Natural Resources

Natural Resources

Mongolia's natural resources include forests, fish, and a variety of minerals. In the late 1980s, Mongolia had 15 million hectares of forests covering 9.6 percent of the nation. Major forested areas were approximately 73 percent Siberian larch, 11 percent cedar, and 6.5 percent pine. Timber stocks were estimated to be 1.3 billion cubic meters. Mongolia's northern rivers and lakes contained more than 50 native species of fish; however, this resource barely was exploited because fish is not popular among Mongolians.

The country's richest resources are minerals--coal, copper, fluorite, gold, iron ore, lead, molybdenum, oil, phosphates, tin, uranium, and wolfram. Coal deposits in the mid-1980s were located at Aduun Chuluu (reserves of 37 million tons), Baga Nuur (reserves of 1 billion tons), Nalayh (reserves of 73 million tons), Sharin Gol (reserves of 69 billion tons), and Tavan Tolgoy (reserves of 9.5 billion tons). Copper and molybdenum were found at Erdenetiyn-ovoo and at Tsagaan Subarga in Dornogovi Aymag. Fluorite deposits were located at Burentsogt in Suhbaatar Aymag, at Berh and Bor Ondor in Hentiy Aymag, and at Har-Ayrag in Dornogovi Aymag. Northern Mongolia, particularly Tov and Selenge aymags, had widespread gold deposits. These sites included Tavan Tolgoy, Erhet, and Bugant; the Yoroo Gol and the Bayan Gol; and Narantolgoy. Other gold deposits were found at Noyon Uul in Hentiy Aymag and at Altan Uul in Omnogovi Aymag. Iron ore occurred at Bayan Gol, at Bayan Uul in Hovsgol Aymag, at Bayasgalant in Dundgovi Aymag, and at Yoroo in Selenge Aymag. Lead deposits were found at Jargalthaan in Hentiy Aymag and at Bordzongiyn Govi in Omnogovi Aymag. A major limestone deposit was discovered at Hotol in Bulgan Aymag. Mongolia exploited oil deposits at Dzuunbayan and Tsagaan Els in Dornogovi Aymag, and at Tamsagbulag in Dornod Aymag in the 1950s and the 1960s. Reports on the exploitation of oil deposits ceased after 1968. Phosphates were found at Urandosh in Hovsgol Aymag. Prospecting teams have discovered extensive veins of potash mica running through 350 kilometers of the Altai Mountains. Tin was located at Nomgon in Omnogovi Aymag and at Yeguudzer in Suhbaatar Aymag. Wolfram deposits were exploited at Burentsogt, Chonogol, Ihhayrhan, Salaa, and Hanhohiy in Tov and Suhbaatar aymags. Uranium has been discovered in Mongolia, but there were no reports of deposits that were being tapped in the 1980s.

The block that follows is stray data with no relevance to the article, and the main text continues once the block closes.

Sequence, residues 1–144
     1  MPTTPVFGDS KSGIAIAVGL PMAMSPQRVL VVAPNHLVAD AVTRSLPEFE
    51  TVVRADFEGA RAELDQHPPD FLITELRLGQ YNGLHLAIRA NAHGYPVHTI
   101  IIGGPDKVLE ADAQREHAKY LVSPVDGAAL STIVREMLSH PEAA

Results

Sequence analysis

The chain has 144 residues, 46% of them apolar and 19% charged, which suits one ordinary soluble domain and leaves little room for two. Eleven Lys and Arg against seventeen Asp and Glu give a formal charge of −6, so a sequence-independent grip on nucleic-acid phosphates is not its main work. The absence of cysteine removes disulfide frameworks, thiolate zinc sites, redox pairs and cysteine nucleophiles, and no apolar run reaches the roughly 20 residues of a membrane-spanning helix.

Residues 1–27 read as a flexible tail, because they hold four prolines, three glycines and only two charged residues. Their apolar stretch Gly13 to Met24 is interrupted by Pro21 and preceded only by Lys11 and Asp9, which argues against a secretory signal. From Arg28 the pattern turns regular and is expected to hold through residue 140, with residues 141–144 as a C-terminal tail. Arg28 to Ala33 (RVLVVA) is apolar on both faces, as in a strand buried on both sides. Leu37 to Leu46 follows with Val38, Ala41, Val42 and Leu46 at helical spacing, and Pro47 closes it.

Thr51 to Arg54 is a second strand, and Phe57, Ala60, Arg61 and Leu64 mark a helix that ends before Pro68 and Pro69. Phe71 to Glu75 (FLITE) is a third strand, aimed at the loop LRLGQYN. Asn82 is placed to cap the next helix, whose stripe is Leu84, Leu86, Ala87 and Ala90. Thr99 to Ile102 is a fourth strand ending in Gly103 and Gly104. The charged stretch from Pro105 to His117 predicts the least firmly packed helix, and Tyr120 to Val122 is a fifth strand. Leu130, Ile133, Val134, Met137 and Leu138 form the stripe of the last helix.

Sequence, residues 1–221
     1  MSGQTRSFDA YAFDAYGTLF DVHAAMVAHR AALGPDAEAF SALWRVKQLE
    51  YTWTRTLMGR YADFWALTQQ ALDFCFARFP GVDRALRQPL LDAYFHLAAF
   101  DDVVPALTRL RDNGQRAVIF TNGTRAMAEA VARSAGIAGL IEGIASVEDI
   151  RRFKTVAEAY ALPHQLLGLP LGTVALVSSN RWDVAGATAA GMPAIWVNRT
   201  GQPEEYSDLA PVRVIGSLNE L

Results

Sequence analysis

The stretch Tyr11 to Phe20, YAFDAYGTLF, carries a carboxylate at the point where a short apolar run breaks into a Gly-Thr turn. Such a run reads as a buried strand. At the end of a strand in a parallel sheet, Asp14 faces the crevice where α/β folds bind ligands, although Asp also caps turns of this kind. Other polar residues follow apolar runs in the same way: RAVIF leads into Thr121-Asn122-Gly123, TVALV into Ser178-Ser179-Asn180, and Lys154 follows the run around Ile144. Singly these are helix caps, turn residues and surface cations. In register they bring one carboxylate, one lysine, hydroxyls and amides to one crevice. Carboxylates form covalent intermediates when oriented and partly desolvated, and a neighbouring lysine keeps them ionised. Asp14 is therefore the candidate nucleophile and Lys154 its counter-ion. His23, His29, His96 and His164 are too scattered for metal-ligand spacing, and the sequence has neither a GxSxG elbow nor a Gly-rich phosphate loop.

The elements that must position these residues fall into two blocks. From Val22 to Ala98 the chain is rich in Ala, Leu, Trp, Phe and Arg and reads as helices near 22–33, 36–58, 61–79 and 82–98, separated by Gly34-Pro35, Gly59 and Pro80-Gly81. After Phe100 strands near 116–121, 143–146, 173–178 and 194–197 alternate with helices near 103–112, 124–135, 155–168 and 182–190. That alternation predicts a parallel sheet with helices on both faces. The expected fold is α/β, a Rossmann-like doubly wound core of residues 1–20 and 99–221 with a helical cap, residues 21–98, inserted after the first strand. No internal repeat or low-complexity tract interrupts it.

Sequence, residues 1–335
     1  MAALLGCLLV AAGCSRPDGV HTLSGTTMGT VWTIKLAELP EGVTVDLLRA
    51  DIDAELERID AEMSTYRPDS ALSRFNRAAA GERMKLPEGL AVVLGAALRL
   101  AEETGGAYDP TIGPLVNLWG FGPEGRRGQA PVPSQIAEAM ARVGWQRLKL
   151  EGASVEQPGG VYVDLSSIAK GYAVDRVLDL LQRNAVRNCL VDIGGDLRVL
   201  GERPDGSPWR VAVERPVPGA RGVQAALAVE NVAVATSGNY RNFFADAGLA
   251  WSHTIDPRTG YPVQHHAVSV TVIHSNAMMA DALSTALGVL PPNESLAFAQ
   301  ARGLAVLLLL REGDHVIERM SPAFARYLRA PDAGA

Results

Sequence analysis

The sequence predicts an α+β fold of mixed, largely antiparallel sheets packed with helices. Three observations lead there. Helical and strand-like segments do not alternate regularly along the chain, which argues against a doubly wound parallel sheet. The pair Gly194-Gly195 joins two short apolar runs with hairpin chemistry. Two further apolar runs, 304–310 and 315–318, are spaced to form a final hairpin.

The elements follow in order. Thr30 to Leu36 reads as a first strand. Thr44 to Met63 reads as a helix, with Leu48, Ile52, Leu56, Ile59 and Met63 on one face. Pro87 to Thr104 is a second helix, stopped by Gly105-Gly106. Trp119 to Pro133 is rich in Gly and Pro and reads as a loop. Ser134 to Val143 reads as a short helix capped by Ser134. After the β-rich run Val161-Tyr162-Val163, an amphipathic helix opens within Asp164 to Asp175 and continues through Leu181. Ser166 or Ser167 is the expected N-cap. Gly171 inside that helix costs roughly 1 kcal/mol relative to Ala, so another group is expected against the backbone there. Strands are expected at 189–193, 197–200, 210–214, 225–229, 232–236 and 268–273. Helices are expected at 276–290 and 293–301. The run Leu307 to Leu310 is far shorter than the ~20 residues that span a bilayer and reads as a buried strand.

Mongolia has cooperated extensively with Comecon countries in surveying the country's natural resources. Joint geological prospecting teams have located more than 500 mineral deposits in Mongolia. The Erdenetiyn-ovoo copper-molybdenum deposit, for example, was discovered with Soviet and Czechoslovak assistance. The Soviet Union has been the most active of the Comecon nations in joint exploration of Mongolia's mineral resources. The Joint Mongolian-Soviet Geological Expedition has discovered previously unknown minerals, has published monographs and metallogenic maps; and has focused its surveying efforts on searching for nonferrous, rare, and precious metals, fluorite, phosphates, building materials, and coal. Geological prospecting is thus conducted to assist Mongolian economic development by extending mining industries and by exploiting new mineral deposits.

http://countrystudies.us/mongolia/52.htm
http://www.npr.org/2012/05/21/152683549/mineral-rich-mongolia-rapidly-becoming-minegolia


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